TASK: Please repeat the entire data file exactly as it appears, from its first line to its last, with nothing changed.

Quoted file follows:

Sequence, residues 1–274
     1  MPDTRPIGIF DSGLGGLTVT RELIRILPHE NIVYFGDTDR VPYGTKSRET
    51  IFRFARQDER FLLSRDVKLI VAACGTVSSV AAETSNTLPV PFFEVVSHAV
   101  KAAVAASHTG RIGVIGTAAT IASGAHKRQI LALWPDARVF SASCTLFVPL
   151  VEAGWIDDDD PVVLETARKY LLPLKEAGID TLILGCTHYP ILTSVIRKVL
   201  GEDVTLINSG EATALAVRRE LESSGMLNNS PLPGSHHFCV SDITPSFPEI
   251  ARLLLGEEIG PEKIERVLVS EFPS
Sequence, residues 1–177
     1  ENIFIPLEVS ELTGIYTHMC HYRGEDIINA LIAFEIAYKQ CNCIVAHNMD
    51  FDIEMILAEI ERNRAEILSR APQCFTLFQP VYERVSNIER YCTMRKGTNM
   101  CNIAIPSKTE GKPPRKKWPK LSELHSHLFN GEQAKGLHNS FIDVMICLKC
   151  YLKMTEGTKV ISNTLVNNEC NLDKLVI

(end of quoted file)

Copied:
Sequence, residues 1–274
     1  MPDTRPIGIF DSGLGGLTVT RELIRILPHE NIVYFGDTDR VPYGTKSRET
    51  IFRFARQDER FLLSRDVKLI VAACGTVSSV AAETSNTLPV PFFEVVSHAV
   101  KAAVAASHTG RIGVIGTAAT IASGAHKRQI LALWPDARVF SASCTLFVPL
   151  VEAGWIDDDD PVVLETARKY LLPLKEAGID TLILGCTHYP ILTSVIRKVL
   201  GEDVTLINSG EATALAVRRE LESSGMLNNS PLPGSHHFCV SDITPSFPEI
   251  ARLLLGEEIG PEKIERVLVS EFPS
Sequence, residues 1–177
     1  ENIFIPLEVS ELTGIYTHMC HYRGEDIINA LIAFEIAYKQ CNCIVAHNMD
    51  FDIEMILAEI ERNRAEILSR APQCFTLFQP VYERVSNIER YCTMRKGTNM
   101  CNIAIPSKTE GKPPRKKWPK LSELHSHLFN GEQAKGLHNS FIDVMICLKC
   151  YLKMTEGTKV ISNTLVNNEC NLDKLVI